Fear And Loathing in the Tropics Frogs Adapt to Survive
Written by Murray Carpenter and originally published in The Boston Globe, November 24, 2008. Used with permission.
GAMBOA, Panama — The eyes of a caiman, an alligator-like reptile, reflect the beam of a flashlight shining on the pond, as, nearby, a snake slips through the shore undergrowth. Large spiders patrol the margins, and predacious water bugs skim the water's surface. It's a tough place to be a frog. But it's a great place to study fear and death.
That is exactly what Boston University associate professor Karen Warkentin—standing at water's edge wearing rubber boots and a headlamp—is doing. Along the way, she and her colleagues are challenging basic biological assumptions by illuminating the many different ways frogs develop in response to their environments.
It rained buckets earlier, and red-eyed tree frogs are calling enthusiastically. These slender frogs are to the tropics what loons are to New England—photogenic emblems of the wild. They are also fruitful research subjects. Warkentin has been studying them since 1991, when she staked out a pond in Costa Rica . The pond attracted many frogs and snakes, and she noticed two things: Frog eggs were not hatching at the same age, and snakes were eating a lot of the eggs.
After hundreds of hours of observation in the field and in the lab, she found that when a snake attacks a cluster of frog eggs, the vibrations prompt the embryos to hatch early. The eggs are mature at seven or eight days, but will hatch as early as five days in response to an attack. By hatching early, the embryos trade certain death by snake for the risk of being slightly underdeveloped and more vulnerable to predators when they splash down into the pond.
When Warkentin first presented her observations, many herpetologists harrumphed. But they came around after watching her videos of the attacks.
Warkentin says her research is part of a growing body of work showing how environmental influences affect development and survival. "It's not just what genes you have, but how you use them," said Warkentin. "Genes matter, the environment matters, and what you get in the end is dependent on both of them."
Since her initial discovery, she says, "I've kind of followed where these frogs have led me." That included a fellowship with the Smithsonian Tropical Research Institute, where she is a research associate. She spends at least two months a year at a Smithsonian field lab in an old school building in this Panama Canal town. Not only are there a number of well-studied frog ponds nearby, the institute excavated this pond for Warkentin four years ago, sculpted to her specs among trees at the edge of the jungle. The amphibians colonized it as soon as it held water.
Warkentin and her students have had some surprises.
Warkentin and Justin Touchon, a doctoral candidate at BU, found that tadpoles raised in tanks with fish develop clear, slender tails, while those in tanks with dragonfly larvae develop big red tails. The adaptations allow them to better escape the different predators.
"What it shows is that these animals are much more complex than we think," said Touchon.
Touchon also found that hourglass tree frogs, which usually lay eggs on leaves over water, instead laying their eggs in the water—marking the first time that a vertebrate has been known to lay eggs both on land and in the water, a sort of evolutionary bridge species.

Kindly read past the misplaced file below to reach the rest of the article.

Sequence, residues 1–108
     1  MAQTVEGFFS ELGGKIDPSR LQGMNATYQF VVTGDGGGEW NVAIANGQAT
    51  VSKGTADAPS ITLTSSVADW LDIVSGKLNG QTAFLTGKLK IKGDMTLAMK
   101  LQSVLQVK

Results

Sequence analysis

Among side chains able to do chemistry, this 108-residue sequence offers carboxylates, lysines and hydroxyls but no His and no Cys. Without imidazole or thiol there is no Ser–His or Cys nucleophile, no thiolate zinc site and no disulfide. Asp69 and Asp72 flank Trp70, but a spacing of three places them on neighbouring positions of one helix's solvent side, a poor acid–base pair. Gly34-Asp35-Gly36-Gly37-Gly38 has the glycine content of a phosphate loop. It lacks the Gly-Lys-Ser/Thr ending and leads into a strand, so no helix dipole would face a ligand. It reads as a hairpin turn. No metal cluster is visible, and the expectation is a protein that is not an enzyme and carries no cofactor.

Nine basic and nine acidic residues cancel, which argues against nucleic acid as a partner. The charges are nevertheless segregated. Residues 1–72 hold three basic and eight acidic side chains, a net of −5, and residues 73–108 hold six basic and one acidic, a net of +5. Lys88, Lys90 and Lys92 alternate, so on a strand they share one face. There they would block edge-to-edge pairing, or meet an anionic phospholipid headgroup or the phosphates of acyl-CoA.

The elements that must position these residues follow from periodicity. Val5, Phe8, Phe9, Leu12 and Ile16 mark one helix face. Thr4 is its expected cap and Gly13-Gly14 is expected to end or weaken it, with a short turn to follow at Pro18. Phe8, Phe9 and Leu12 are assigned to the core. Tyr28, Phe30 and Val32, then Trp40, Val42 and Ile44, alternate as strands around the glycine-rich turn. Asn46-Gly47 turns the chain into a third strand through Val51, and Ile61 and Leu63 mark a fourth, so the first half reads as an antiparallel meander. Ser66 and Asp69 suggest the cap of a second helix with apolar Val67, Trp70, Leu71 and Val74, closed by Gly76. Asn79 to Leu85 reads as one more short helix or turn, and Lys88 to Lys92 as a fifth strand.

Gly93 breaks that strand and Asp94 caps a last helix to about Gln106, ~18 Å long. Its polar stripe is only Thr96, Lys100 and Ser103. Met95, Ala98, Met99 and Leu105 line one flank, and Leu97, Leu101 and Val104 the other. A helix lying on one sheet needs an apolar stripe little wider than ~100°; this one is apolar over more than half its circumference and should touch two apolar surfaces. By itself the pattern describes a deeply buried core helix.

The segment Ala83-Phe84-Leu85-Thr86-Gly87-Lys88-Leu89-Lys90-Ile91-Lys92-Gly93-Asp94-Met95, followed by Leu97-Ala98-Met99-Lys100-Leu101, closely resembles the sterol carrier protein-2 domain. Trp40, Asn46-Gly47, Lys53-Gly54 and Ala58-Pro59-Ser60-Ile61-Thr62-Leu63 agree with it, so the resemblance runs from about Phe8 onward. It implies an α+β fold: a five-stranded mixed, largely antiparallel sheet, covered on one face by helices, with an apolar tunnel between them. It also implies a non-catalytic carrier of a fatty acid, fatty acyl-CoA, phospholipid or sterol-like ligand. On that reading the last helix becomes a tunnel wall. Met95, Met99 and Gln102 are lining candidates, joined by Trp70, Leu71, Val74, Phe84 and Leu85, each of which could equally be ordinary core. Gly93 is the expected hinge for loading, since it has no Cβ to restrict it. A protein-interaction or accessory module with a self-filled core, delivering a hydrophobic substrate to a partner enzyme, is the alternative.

In one experiment, Touchon moved frogs that were about to lay eggs to enclosures with water-filled kiddie pools and overhanging plants. Half the enclosures were in an open field, where eggs laid on leaves would be at risk of drying up in the hot daytime temperatures, the other half were in the shade nearby. Although neither group of frogs had ever seen their new habitat in daylight, the vast majority of each group laid their eggs in the place best suited to the daytime conditions—in the cooling water for those in the sun, on the leaves for those in the shade.
"The idea that frogs make these really smart decisions about where to lay their eggs surprises most people," said Touchon. His photo of these frogs made the cover of the Proceedings of the National Academies of Science, which published his paper in May.
Warkentin has found complexity at every turn. Not only can red-eyed tree frogs hatch early to escape predators, they can also complete their metamorphosis and leave ponds early to escape tadpole predators such as water bugs, or delay metamorphosis when there's an abundance of pond-side predators such as fishing spiders. Fear of predators, it turns out, strongly influences not just frog behavior but also physical development.
Warkentin is also investigating early development, growth within the egg, and how eggs hatch.
But her biggest project is nicknamed "fear and death." It occupies a large field near the experimental pond. Each of the 200 tanks that hold 100 gallons is stocked with tadpoles. Some tanks have no predators, some have dragonfly larvae, and some have water bugs. In some tanks the predators are loose among the prey, in others they are suspended in nets where they are fed tadpoles but can't prey on the general population. The tadpoles detect the predators' presence through chemical signals.
Warkentin hopes this project will provide answers to a big question: In a frog's world, "what's the relative importance of fear and death?"
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